Partners in Association Management also keeps something they call “back pocket lists”: good ideas that couldn’t be implemented at the time someone came up with them that they reserve for a more suitable time.

Q3 What do you know about the outcomes your audiences seek? How are you helping them achieve those outcomes?

This question launched some observations about different generations in the workforce and the association having different goals, with Karen Hansen also pointing out:

We also talked about the whole “what keeps you up at night?” question (which is one of Anna’s favorites), and Lowell Apelbaum observed:

Q4 How do you discover what your audiences really value? How do you use that information?

People had lots of good suggestions here, ranging from pilot programs to trial and error, asking them, tracking behavior, observing what they spread/share/talk about/promote, and Ewald Consulting went kind of Zen Master on us:

That’s deep, man.


Q5 How do you facilitate building authentic relationships w your audiences? Between members?


Lots of great chatter here, too, but Karen Hansen had a simple, powerful response:

Treat members like human beings?!?! Radical concept!

Q6 How do you develop new products/programs/services? How do you collaborate with members on this?

Lowell (who was really on a roll today) had another great response for this one:

When we got to question 7, we kind of heard crickets:


Q7 How do you encourage collaboration between audiences and association? Among members?


Opinion was pretty much universal that this is a big struggle for associations. Kait Solomon pointed out:

Q8 How do you currently define engagement? Is your definition adequate/satisfactory?

Where Kait also observed that “engagement” has become a buzzword, and I quoted Ed Bennett, who recently pointed out that if there’s no ring involved, we probably need to stop talking about engagement and focus on what we really mean: conversation, talking, listening, relationship.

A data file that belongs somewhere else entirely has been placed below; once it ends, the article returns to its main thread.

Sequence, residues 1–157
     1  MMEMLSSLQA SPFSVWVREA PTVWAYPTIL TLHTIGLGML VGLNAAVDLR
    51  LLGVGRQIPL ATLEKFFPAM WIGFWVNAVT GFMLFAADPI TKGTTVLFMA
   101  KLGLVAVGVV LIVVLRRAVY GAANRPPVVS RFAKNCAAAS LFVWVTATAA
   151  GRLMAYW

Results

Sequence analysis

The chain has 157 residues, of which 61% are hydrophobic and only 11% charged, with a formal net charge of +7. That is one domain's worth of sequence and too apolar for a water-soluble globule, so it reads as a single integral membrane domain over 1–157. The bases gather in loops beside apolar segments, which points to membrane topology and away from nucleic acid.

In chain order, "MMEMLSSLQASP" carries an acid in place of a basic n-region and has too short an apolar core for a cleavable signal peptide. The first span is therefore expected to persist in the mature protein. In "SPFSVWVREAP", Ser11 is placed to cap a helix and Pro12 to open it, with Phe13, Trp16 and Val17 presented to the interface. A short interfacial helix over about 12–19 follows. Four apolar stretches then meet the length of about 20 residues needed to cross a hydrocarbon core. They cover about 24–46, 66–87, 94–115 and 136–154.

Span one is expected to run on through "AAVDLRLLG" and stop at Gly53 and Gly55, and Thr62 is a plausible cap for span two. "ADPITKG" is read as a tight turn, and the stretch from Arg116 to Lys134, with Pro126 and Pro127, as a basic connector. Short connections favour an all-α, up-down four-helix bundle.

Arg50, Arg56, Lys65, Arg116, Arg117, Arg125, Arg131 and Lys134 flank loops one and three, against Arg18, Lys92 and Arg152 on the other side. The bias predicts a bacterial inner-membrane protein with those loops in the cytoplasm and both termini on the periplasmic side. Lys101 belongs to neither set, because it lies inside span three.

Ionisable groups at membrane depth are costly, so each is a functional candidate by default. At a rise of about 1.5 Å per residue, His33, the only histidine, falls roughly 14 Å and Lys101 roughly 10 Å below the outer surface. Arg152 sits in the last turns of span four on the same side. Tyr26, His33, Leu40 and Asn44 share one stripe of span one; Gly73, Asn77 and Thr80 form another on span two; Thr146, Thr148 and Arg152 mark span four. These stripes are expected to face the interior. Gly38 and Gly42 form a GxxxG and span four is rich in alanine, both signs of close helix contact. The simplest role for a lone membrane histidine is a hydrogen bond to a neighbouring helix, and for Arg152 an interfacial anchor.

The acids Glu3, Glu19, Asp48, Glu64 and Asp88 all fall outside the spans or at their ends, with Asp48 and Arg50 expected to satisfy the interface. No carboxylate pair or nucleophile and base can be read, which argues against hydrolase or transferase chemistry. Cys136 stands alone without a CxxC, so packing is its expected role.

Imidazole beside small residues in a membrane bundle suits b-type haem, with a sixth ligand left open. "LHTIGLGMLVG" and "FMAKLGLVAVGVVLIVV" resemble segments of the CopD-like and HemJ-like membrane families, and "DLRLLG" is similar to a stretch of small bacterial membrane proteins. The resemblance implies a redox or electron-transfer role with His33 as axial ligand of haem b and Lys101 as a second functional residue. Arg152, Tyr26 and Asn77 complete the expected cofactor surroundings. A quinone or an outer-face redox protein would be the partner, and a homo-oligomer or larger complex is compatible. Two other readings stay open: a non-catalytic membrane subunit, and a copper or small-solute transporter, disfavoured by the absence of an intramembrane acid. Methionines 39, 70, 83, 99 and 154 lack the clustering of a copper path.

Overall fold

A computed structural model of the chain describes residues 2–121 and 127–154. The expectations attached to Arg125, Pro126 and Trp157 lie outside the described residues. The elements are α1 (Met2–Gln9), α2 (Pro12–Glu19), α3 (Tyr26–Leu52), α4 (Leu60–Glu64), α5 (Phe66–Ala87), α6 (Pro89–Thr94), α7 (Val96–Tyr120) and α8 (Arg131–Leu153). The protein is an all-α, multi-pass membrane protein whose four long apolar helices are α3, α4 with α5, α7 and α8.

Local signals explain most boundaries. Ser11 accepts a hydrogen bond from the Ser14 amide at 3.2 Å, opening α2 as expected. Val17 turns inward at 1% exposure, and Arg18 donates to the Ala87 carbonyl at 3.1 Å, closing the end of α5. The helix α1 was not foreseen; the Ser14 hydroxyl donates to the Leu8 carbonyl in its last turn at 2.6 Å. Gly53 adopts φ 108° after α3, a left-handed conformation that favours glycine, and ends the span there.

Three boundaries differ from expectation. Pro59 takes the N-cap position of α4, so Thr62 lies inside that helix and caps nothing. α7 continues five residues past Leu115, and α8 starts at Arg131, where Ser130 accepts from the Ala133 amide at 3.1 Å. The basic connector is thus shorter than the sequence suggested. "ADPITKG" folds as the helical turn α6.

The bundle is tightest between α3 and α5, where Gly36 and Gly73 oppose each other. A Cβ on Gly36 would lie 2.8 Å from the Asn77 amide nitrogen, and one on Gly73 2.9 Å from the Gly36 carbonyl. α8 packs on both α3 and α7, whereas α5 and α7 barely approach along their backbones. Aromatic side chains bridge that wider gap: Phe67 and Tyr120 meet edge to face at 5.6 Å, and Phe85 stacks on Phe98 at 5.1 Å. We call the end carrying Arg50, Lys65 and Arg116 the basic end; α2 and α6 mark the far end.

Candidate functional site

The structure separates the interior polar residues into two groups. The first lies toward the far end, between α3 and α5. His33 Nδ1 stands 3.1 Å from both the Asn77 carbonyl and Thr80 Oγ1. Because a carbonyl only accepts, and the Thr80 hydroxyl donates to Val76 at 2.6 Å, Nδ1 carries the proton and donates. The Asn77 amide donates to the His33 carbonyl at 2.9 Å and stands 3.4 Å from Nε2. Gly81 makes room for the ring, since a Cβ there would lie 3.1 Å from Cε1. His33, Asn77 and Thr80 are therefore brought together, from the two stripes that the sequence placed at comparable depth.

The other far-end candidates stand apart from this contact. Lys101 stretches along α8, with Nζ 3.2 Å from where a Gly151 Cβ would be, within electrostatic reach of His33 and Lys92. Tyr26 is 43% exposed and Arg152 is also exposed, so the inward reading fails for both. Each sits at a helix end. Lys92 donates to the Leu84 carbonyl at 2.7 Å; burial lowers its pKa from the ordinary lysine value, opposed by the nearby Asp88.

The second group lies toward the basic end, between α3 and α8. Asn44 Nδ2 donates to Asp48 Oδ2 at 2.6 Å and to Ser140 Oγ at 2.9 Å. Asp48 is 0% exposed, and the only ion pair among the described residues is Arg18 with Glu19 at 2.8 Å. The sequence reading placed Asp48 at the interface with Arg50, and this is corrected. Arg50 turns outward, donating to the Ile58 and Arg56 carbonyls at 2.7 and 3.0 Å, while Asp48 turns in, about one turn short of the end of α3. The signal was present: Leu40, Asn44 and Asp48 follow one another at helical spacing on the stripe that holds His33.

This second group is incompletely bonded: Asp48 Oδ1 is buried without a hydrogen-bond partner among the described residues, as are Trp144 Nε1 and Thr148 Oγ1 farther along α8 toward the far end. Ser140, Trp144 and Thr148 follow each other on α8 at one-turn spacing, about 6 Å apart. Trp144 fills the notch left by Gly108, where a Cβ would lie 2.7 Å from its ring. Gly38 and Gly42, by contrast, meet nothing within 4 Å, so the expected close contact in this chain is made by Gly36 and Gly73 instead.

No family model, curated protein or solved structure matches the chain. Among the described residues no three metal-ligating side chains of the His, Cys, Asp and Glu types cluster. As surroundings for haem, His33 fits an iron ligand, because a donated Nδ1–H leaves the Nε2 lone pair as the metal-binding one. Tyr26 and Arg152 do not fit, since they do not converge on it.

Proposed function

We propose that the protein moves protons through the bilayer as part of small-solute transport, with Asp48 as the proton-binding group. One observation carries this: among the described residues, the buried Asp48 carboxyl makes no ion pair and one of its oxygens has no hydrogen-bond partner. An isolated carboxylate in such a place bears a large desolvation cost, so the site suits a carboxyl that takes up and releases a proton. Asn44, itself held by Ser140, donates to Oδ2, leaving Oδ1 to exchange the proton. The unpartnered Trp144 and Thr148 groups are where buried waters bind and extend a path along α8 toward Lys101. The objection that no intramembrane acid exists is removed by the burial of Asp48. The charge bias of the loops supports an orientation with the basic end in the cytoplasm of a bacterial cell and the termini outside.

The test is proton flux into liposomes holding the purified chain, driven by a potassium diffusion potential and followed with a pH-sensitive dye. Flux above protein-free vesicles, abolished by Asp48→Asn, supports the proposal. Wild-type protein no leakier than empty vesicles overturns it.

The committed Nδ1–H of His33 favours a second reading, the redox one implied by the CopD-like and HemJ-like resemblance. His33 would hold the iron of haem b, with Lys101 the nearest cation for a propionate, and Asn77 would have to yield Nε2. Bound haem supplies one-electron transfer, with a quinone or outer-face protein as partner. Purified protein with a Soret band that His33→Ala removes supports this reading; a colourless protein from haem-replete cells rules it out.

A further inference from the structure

Q9 What do you do with members once you engage them? What’s the next step/goal?

I’m going back to Lowell again:

Our final question, which is the challenge I’m going to leave you with, too was:

Q10 What is one action you could take today to start your association on the path to outside-in engagement?

Not sure how to answer that? Check out the whitepaper at to get some ideas!

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Come Chat about Member Engagement

Are associations taking a backwards approach to member engagement?

Associations have always been “about” engagement of course, and in the past several years, we’ve had a renewed focus on engaging our audiences. The thing is, most of us aren’t really doing it well. Could that be because we’ve been thinking about engagement all wrong, focusing on what we want members to do and how we define value?

Join Anna Caraveli (The Demand Networks) and me Tuesday, July 14 at 2 pm on Twitter for the weekly #assnchat tweet chat. We’ll be guest moderating, discussing the outside-in perspective on member engagement we advocate in our new whitepaper, Leading Engagement from the Outside-In: Become an Indispensable Partner in Your Members’ Success.

In the whitepaper, Anna and I propose a radical shift in our understanding of engagement, one based on an approach that encourages associations to view the world from our audiences’ perspective, focus on the outcomes they want to achieve, build authentic relationships, and harness the power of collaboration to co-create the value our organizations provide.

To participate, just follow and tweet to the hashtag #assnchat from 2-3 pm EDT on Tuesday, July 14. You might want to download and read the whitepaper in advance, although it is certainly NOT required. But it is free! Get it at


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Can We Talk Member Engagement?

As part of the release of the new Spark/The Demand Networks whitepaper, Leading Engagement from the Outside-In, co-author Anna Caraveli and I had the opportunity to present a webinar for’s Thought Leader series.

The free recording is now available:

In the webinar, Anna and I introduce the concept of outside-in engagement, share details of three of the eight keys we identified in our research, and touch on the stories of several associations who are doing this work successfully.